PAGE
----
Part of the fun for my past MSR and current HKU posts is being close enough to help while far enough to not get dragged down into the sinkhole. I am curious how much I can do as an individual, or there is really some grander scale environmental stuff that I simply cannot reproduce. Results so far are very encouraging; Asian students who worked with me for sufficiently long periods of time (at least one SIGGRAPH cycle) have shown significant progress of thinking skills and at least one of them managed to create SIGGRAPH ideas.

For the sake of more fun, I now extend my grand challenge to MSR Asia to all my (past, current, and future) students: the first one to publish a single-authored SIGGRAPH paper will receive my full financial support, out of my own pocket instead of any grant, to make the trip. (Really, it is not that hard; I am not very smart, and I did that twice already. I make this challenge because only with a single-authored SIGGRAPH paper can you prove your full independence, including creativity.)

September 11, 2011

A year of no significance

Filed under: Imaginary,Real — liyiwei @ 6:13 pm
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1587, a Year of No Significance (Chinese: 萬曆十五年) is a book by historian Ray Huang (Chinese: 黃仁宇) which described how a sequence of seemingly insignificant events precipitated the eventual downfall of the Ming dynasty, as well as China itself. I remember getting totally fascinated by this book as a high school kid. The book is not flawless, but it is fascinating in highlighting how significant long term trends, which usually happen slowly, are often preceded by very small signs.

It is like the famous Chinese proverb, 一葉知秋: from a falling tree leaf one can know that the autumn is coming.

If future historians are going to write a similar book about the eventual downfall of the America (dynasty) as well as the entire West, the analogous year will be 2001, or probably even a specific day, September 11. Contrast to 1587, this is a year of *major* significance. But THE event is no less precipitating than those in 1587.

I am looking forward to read this book, and I hope it will be as enthralling as the one by Ray Huang.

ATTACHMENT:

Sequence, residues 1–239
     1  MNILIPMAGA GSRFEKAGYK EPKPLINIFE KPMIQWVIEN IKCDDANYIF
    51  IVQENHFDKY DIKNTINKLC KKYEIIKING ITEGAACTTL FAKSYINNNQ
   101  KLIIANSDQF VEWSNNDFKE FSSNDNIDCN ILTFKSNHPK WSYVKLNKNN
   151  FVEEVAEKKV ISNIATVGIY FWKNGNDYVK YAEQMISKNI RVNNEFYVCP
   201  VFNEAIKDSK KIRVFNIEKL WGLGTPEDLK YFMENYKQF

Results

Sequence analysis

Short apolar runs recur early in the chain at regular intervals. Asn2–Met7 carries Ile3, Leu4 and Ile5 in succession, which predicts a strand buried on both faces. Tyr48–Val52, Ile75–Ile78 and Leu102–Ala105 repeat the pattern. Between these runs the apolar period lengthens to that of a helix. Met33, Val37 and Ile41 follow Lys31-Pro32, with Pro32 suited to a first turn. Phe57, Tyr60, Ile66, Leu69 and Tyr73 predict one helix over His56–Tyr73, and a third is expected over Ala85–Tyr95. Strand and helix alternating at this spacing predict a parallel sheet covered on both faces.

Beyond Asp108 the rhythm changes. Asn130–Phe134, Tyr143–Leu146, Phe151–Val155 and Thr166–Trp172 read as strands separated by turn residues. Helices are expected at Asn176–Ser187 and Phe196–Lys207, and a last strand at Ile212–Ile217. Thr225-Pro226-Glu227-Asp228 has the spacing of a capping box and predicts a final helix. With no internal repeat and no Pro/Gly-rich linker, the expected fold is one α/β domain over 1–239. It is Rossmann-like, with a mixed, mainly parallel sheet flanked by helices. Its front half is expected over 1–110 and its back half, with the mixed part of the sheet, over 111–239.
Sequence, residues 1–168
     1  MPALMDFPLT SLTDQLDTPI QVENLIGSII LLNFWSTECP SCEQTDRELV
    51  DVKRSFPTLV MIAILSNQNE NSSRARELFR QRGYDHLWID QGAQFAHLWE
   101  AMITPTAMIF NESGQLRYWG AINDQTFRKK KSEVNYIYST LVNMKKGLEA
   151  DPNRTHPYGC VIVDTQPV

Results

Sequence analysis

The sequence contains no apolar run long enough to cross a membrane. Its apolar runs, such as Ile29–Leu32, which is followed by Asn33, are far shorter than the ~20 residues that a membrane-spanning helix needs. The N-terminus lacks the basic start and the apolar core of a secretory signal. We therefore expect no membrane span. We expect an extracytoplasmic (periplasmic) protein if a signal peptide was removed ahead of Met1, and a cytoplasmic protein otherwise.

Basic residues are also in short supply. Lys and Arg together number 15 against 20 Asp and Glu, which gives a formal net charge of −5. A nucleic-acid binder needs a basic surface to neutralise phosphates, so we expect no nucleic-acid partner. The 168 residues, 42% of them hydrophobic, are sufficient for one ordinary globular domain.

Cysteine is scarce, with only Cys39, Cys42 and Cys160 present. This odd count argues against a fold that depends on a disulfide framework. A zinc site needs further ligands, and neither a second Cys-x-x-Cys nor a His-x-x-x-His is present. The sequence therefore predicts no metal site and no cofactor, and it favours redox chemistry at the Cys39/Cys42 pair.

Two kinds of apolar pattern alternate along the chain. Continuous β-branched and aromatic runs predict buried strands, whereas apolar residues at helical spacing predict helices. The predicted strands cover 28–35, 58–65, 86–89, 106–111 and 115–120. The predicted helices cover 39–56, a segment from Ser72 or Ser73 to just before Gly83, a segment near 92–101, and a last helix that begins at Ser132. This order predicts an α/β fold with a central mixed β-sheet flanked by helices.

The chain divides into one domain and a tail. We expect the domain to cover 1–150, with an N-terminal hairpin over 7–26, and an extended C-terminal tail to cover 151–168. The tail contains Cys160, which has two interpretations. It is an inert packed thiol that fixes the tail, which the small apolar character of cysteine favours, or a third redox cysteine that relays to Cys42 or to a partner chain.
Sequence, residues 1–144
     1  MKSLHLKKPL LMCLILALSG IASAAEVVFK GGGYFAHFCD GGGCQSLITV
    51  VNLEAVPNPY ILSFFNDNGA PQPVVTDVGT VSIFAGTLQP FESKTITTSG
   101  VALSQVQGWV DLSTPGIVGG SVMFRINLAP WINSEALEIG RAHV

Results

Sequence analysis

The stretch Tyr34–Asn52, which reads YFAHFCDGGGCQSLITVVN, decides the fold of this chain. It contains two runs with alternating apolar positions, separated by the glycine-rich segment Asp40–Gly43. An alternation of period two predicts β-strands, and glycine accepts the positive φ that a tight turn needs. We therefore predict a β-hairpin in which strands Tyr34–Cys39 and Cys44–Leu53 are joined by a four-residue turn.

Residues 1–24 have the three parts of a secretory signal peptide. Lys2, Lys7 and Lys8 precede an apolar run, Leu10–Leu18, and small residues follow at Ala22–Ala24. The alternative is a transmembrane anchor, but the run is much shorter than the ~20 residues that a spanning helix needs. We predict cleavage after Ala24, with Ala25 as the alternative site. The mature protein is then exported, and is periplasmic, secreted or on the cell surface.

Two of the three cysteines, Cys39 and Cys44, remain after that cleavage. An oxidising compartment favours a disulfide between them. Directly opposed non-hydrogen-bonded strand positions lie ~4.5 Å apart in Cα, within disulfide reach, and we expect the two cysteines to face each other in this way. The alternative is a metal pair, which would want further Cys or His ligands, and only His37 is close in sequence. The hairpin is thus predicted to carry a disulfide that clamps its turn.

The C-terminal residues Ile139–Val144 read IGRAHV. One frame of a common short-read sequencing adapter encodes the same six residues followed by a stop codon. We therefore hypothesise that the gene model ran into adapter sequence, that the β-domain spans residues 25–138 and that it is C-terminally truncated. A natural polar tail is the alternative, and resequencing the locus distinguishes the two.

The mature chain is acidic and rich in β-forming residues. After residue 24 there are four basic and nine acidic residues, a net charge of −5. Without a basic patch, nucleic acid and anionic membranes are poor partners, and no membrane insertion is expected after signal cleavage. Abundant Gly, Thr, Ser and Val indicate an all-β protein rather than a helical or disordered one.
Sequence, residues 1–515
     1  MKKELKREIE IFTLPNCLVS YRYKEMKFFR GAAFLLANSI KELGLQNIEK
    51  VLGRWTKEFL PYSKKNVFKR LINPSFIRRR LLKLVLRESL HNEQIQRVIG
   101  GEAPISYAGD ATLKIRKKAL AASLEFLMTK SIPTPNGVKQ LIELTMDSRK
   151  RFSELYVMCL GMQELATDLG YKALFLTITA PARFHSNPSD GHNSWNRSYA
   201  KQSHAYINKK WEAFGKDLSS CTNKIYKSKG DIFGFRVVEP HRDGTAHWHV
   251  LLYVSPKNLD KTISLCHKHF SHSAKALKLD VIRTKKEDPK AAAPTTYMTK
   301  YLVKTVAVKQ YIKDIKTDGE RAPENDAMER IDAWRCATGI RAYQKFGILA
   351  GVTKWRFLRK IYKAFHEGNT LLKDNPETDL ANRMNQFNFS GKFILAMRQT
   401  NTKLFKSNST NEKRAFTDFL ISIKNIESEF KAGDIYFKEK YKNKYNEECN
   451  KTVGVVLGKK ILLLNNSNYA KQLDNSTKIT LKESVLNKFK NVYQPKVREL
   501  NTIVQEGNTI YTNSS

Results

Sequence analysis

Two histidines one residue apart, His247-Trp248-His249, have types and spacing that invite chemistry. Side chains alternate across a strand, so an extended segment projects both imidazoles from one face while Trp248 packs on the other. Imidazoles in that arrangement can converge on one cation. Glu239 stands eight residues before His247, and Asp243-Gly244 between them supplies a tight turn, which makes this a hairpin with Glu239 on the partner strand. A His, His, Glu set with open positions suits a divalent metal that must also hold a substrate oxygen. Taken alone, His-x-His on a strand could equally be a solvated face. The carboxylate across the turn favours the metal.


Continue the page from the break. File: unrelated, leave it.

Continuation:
August 25, 2010

The man who loved China

Filed under: Real — liyiwei @ 9:13 pm
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I am not interested in biography, but I approached this book due to the Needham question: why China was taken over by the west in science and technology around 1500 AD after the amazing advances in earlier times? I was hoping that this book will provide answers, even though I never realistically expected that since this is a question about history, and thus can never be verified scientifically.

Well, I was right about that, as obviously nobody has ever managed to answer the Needham question. But that does not really bother me for several reasons.

First, I, like many others who have been through both Chinese and American style educations, know the main reasons more or less, even though none of us can rigorously prove anything. But answering a historical question is not really the point. The point is to find remedies and solutions. That, fortunately, I, just like many others, already know how to do practically, as evident from our achievements in modern scientific and technological activities.

Second, as pointed out in the book, the Needham question might be moot anyway, as China seems to have regained its rigor and creativity. But I cannot fully agree with this point; I agree that China has been improving, but it still has work to do to catch up with the American level creativity. Even from the young Chinese students I am collaborating today I can still see a lot of old problems that probably have been accumulated through hundreds if not thousands years of bad cultural impacts. But this is obviously fixable at least in an individual level; the million dollar question is whether it is also possible in a large national or even ethnic wise scale.

The funny thing is that the Needham question was not formally addressed until at the epilogue of the book. So the book is really testing my patience. Fortunately, the main part of the book, essentially the biography of Joseph Needham, turns out to be a fascinating read.

I recommend this book to anyone, especially (ethnic) Chinese working in the field of science and technology.